Watching the second season of Good Omens, I noted that the HDR mode was overly dark, taking away the projector’s key advantage: brightness. Even though this projector is bright enough for some daytime viewing, watching HDR content with the HDR mode enabled and dynamic range set to HDR (confusing, I know), everything was exceedingly dim. In a dark room, the HDR mode makes for a more exciting image, but it can take some tweaks to get it looking good. Notably, there’s a color space setting that can have a huge impact on contrast. Setting it to “0~255” results in a washed out image, but setting it to “16~235” sorts that out. One might think the “Dynamic Black” setting could help here, but this just introduces some distracting color shifting to the image overall that’ll occur in the middle shots.
Watching Avatar 2 with HDR enabled, the lack of color saturation is all too clear, as there are countless blue creatures on screen that look simply too pale. In the opening segment that sees human ships traveling through space and landing on Pandora, the contrast helps the visuals stand out, but the world just never quite feels fully alive because of the weak color performance.
For a show like Justified without HDR, the picture is decent. The lack of color continues to be palpable, but the contrast and brightness lend themselves nicely to the show’s dry environments and many night scenes.
Even though this is a 1080p projector, it still appears satisfyingly sharp. The resolution occasionally shows itself on simple curves and straight lines, like the text of subtitles. But I hardly ever notice the lower resolution in actual content, and there’s no issue with visible gaps between pixels. That said, the rainbow effect is noticeable from time to time, and those sensitive to it may have issues with this projector.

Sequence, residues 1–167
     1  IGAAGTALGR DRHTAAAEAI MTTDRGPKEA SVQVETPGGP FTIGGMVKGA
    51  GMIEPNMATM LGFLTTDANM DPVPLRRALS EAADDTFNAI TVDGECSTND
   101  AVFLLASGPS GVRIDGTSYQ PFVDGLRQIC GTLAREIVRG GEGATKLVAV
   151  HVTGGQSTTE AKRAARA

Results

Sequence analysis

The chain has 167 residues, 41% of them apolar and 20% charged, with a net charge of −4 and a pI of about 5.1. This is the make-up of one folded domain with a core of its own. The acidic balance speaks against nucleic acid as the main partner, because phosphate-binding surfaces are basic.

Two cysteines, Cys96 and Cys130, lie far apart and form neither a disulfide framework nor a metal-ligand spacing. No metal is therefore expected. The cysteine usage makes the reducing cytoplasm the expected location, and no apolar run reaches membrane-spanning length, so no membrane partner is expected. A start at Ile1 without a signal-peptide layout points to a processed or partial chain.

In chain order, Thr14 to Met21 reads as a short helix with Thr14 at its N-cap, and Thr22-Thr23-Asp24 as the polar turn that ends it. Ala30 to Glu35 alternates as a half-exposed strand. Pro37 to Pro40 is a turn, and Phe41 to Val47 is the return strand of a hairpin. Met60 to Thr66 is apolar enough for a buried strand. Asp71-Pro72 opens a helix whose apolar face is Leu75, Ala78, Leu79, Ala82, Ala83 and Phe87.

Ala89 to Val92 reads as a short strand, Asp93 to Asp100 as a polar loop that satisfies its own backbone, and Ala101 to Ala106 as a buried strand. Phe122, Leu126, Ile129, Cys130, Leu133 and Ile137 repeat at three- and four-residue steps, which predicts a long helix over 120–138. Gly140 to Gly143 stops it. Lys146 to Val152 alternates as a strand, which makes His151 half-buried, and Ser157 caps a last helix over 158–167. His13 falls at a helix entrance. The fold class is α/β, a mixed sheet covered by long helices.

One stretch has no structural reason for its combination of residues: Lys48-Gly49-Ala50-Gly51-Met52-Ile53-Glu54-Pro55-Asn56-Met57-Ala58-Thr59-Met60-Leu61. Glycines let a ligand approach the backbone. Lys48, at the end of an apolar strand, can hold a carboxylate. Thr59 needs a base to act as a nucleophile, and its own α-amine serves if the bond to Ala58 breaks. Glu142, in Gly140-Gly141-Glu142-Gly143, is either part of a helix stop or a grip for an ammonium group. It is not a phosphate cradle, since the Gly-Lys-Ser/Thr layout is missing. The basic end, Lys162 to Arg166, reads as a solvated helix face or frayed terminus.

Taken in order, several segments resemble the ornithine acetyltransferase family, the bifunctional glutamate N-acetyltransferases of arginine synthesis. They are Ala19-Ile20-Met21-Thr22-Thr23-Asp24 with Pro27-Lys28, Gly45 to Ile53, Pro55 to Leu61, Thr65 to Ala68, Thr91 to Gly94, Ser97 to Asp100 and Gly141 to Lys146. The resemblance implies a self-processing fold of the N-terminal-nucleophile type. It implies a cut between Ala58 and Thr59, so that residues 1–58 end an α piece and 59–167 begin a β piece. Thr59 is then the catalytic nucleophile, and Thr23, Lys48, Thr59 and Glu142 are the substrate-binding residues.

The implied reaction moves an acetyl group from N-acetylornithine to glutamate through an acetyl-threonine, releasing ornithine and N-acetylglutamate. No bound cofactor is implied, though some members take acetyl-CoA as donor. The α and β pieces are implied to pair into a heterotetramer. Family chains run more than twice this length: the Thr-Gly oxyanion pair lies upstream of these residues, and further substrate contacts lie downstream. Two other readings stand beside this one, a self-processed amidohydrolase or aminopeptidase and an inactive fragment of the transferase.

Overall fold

Optoma GT2100HDR review: Test Results
The Optoma GT2100DHR is a knock-out in the brightness department. With an all-white image displayed, I took the lux readings at 9 points across the display and multiplied this by the projector image size. This saw the GT2100HDR achieving a monstrous 3,012 ANSI lumens. That’s great news if you’re looking for a daytime-ready projector, as that’s plenty for viewing even in brighter rooms. The bright mode that achieves this is overly green. The Vivid mode is still satisfyingly bright but much more naturally colored.
|Row 0 - Cell 0
|Xgimi Horizon Ultra
|XGIMI Horizon Pro
|JMGO N1 Ultra
|Dangbei Mars Pro 4K
|Epson Home Cinema 3800
|Brightness (ANSI lumens):
|Input lag (default):
|Input lag (gaming mode):
The contrast holds up as well. After taking the all-white lux readings, I follow up with a quick all-black reading to get a rough estimate of contrast. The GT2100HDR scored a 2370:1 contrast ratio in this test, which is more than satisfactory considering the common IPS display sits at closer to 1,000:1.
The brightest projectors don’t always come with the best color performance, though, and that’s the case here. The laser phosphor light source of the GT2100HDR just doesn’t reach out far enough for a wide color gamut. With color gamut measured by a SpyderX Elite colorimeter reading off a 1.1-gain projection screen in DataColor’s software, the GT2100HDR achieves only 90% of the sRGB colorspace and 74% of the DCI-P3 color space. This is rather meager performance that even cheap displays can outdo. Much cheaper projectors also outdo it in this department, like the $1,000 BenQ HT2060, but it doesn’t come close to the level of brightness.
Optoma GT2100HDR review: Audio
There may be a 15-watt speaker tucked away inside the Optoma GT2100HDR, but its power doesn’t indicate quality. At any volume above 20%, it’s grating, and sounds a bit like the speaker inside of a plastic box that it is. For very casual viewing, it at least provides some audio, enough for a couple people sitting in a quiet room to hear, but not to enjoy.
The trouble begins when you want to enjoy audio from another source. I used the projector with a Chromecast with Google TV. For a little viewing party of Roadhouse, I wasn’t going to subject my guests to the internal speaker. Bluetooth connectivity to a soundbar might have been sufficient and plenty convenient, but there was too much latency, and the projector offers no audio syncing techniques. So naturally I should have turned to ARC, eARC, or at least optical for a quality audio signal out to the speaker system, right? No dice. There’s only a 3.5mm jack. This means you’ll be stuck with more basic audio unless you’ve got an AV receiver or another way to pass audio along from the source and only send video to the projector.